## Adding SSL Wildcard Certificates to IIS Webs

March 21, 2017

As web browsers start to issue warnings on plain http websites if you are asked to input username/password, it’s time to add SSL certificates even on dev/test servers. We can expect more aggressive warnings in the future 😉

Apparently there is a way to create a self-signed certificate built into IIS (screenshot from Windows Server 2008)

but this seems to create cerficates only for the host name, not for any domain hosted on the machine.

Back to square one, start up a current Linux machine, and make sure your openssl is newer than version 1.0.1f. (Remember Heartbeed?).

The instructions I found to create self-signed certificates are nearly identical (source, source, source)

openssl genrsa 2048 > my-host.key
openssl req -new -x509 -nodes -sha1 -days 3650 -key my-host.key > my-host.cert
# make sure Common Name starts with "*.", e.g. *.my-host.com
openssl x509 -noout -fingerprint -text < my-host.cert > my-host.info
cat my-host.cert my-host.key > my-host.pem

For use in IIS, you need to create a .pfx from these certificate files:

openssl pkcs12 -inkey my-host.pem -in my-host.cert -export -out my-host.pfx

Copy the .pfx to your IIS machine.

In IIS Manager, select “Server Certificates” on the server node, click “Import…” to import the .pfx certificate.

Start up mmc, “File”, “Add/Remove Snap-in”, select “Certificates”, “Add”, “Computer account”, “Finish”, “OK”, (this click orgy shows you how important certificates were in 2008, as compared to Start/Administrative Tools/Data Sources (ODBC) 😉 ) and find the imported certificate(s) under

Console Root\Certificates\Personal\Certificates

Right-click each of them, select Properties, and make sure that the Friendly Name starts with “*.” for wild-card certificates. Otherwise, you cannot assign a host name for https web sites.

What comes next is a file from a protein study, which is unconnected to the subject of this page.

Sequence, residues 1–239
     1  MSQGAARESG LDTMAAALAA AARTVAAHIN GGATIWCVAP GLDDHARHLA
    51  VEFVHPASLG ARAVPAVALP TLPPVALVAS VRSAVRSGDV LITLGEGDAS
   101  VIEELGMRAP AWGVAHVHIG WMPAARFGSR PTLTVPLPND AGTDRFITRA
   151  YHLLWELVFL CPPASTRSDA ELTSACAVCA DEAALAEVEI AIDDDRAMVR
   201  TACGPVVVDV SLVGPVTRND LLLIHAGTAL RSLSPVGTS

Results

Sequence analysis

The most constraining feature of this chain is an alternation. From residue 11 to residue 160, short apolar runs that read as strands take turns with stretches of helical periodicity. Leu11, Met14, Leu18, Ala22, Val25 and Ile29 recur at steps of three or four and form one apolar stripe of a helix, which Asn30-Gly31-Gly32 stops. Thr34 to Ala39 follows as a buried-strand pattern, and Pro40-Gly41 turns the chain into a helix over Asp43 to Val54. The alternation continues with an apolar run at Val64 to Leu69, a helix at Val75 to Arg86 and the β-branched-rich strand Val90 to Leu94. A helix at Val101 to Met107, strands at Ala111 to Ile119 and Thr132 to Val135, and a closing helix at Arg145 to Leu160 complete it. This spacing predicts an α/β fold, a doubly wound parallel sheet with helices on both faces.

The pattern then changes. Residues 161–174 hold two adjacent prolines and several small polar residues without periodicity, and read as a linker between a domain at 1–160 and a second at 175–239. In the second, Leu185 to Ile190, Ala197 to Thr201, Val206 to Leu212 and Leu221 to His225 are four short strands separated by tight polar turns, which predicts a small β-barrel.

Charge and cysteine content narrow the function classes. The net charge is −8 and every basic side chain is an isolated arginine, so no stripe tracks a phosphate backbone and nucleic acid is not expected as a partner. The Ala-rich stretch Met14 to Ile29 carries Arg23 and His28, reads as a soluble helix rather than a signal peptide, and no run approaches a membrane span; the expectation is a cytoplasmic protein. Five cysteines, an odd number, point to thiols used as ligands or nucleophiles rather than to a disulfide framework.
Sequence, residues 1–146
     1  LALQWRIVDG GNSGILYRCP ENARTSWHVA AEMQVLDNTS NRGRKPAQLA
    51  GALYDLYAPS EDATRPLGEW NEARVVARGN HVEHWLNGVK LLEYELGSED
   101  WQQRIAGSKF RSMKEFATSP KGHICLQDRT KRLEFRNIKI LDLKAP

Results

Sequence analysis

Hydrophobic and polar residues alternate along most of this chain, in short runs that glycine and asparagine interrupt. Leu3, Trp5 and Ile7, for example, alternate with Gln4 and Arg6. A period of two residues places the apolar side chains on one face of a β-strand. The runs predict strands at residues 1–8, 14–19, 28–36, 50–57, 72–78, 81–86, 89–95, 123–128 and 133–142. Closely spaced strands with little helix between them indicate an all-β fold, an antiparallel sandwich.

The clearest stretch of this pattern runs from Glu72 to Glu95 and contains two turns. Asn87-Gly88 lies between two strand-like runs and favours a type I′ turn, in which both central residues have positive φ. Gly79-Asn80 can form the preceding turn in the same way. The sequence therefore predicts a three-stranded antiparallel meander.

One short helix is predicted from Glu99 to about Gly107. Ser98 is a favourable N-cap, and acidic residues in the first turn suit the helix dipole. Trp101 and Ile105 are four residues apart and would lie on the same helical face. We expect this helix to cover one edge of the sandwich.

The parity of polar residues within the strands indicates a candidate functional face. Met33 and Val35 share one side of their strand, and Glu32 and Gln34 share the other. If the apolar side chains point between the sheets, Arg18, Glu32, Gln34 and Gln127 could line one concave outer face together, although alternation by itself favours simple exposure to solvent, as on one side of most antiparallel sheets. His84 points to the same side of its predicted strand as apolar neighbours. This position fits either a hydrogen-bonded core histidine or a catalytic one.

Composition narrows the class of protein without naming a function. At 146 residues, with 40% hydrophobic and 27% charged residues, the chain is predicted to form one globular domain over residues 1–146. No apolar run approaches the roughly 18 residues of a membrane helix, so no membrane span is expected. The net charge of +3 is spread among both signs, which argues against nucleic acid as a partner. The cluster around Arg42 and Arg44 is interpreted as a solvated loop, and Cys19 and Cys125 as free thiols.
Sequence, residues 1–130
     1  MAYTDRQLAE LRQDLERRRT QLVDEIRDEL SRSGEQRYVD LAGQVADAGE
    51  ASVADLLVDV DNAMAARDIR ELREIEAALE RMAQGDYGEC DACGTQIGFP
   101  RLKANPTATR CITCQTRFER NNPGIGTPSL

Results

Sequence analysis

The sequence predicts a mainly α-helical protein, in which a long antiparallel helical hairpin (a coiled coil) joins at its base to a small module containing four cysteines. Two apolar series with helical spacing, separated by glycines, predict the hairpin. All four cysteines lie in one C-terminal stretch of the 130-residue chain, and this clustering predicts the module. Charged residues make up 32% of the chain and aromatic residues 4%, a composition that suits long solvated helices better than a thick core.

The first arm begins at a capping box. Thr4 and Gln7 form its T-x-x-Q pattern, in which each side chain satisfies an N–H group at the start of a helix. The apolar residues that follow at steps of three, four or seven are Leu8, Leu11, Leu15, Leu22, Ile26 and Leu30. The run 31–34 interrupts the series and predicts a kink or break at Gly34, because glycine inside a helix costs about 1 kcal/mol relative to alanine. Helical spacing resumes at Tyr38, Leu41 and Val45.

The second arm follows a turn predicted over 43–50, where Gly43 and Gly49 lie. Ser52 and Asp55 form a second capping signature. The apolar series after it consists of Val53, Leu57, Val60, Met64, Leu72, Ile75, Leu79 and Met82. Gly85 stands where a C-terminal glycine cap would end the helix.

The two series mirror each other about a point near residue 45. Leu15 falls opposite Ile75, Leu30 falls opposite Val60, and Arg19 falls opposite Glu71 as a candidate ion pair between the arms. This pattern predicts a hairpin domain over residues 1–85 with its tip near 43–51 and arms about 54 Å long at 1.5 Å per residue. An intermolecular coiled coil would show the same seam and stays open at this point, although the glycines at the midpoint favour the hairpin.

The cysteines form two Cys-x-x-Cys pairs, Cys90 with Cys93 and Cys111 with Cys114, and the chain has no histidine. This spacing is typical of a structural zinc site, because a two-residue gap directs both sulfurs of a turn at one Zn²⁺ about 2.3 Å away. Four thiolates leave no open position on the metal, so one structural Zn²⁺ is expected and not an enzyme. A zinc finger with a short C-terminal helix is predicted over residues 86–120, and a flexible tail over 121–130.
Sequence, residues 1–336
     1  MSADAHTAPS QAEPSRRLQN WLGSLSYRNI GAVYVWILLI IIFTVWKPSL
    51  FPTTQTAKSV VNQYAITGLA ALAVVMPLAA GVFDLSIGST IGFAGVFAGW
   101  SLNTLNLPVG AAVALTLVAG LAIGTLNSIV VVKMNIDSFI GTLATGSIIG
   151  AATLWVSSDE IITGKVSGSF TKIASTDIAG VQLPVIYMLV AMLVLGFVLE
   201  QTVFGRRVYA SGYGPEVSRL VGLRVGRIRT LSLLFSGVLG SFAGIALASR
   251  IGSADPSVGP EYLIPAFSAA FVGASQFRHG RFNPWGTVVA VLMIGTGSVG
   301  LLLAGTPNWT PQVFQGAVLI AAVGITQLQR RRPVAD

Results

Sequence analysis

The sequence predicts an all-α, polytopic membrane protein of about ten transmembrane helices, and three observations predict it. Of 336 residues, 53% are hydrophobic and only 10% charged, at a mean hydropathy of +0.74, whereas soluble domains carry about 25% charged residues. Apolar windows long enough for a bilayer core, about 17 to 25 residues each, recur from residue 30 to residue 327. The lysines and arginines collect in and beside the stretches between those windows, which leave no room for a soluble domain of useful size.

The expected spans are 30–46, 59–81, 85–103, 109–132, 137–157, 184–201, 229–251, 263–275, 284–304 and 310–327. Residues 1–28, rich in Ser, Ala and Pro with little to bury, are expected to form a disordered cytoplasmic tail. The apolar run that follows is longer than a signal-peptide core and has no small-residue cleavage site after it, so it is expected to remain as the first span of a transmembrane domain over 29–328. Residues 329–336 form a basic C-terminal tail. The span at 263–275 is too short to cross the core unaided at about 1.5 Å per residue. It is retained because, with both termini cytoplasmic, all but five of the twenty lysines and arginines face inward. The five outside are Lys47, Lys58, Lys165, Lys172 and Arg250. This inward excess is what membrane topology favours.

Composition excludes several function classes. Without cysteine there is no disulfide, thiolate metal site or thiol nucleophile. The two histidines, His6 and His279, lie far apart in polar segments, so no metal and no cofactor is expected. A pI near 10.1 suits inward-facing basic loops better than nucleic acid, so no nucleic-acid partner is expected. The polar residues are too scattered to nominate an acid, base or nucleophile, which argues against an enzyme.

Back in IIS Manager, select each site you want to add https support, click Bindings, Add, select Type: https and select the wild-card SSL certificate. Only if the friendly name starts with *, you can/must set the site’s Host name. Click OK and you are done.

If you want your sites to redirect http to https automatically, make sure the Require SSL box is not checked in the site’s SSL Settings.

The minimal web.config to perform these redirects looks like this (source, source)

<?xml version="1.0" encoding="UTF-8"?>
<configuration>
<system.webServer>
<rewrite>
<rules>
<rule name="Redirect-HTTP-HTTPS-IIS">
<match url="(.*)" />
<conditions>

## How I survived “S.M.A.R.T. Status: BAD. Backup and Replace”

June 12, 2012

My Windows 7 started to display the “Windows detected a hard disk problem” error message. While I first ignored it, I finally ran chkdsk /f /r on all disks just to make sure erroneous sectors would not cause the error to show again.

Unfortunately, this did not work out, and the error message became more persistent.

A look into the event log presented more and more warnings (Event ID 52, Source Disk)

The driver has detected that device <device> has predicted that it will fail. Immediately back up your data and replace your hard disk drive. A failure may be imminent.

and errors (Event ID 7, Source Disk)

The device, <device>, has a bad block.

(The Events and Errors Message Center does not even know these event IDs exist.)

Restarting the PC would stop the boot process with the message

S.M.A.R.T. Status: BAD. Backup and Replace
Press F1 to continue

I decided to finally bring myself to fix the situation, and asked teh internets how to do it. (I already fixed a dying drive once, but that was Ubuntu, and this is Windows, and it can get ugly.

The dying disk is a Seagate, so I tried the SeaTools (both Windows and DOS) because they might help resolve the errors, but they didn’t.

Fortunately, the new disk is also a Seagate, a different model but the same size as the old one, so I downloaded Seagate DiscWizard on my laptop to create a bootable CD. Unfortunately, DiscWizard setup requires Seagate disks installed in the PC, which the laptop does not have. Back to square one.

In the end, I mounted the new disk in the PC, installed DiscWizard, and started it. The selection of source and destination disks cause adrenaline levels to jump, but the selection dialog (of both disks) always displays the partitions of each selected disk, so the the likelihood of selecting both drives wrong due to poor UI is greatly reduced (see screenshots in the HowTo).

After disk copying completed, I disconnected the old disk and left the new disk connected on the same cable as during copying, booted, and, voilà, logged into my old new Windows 7.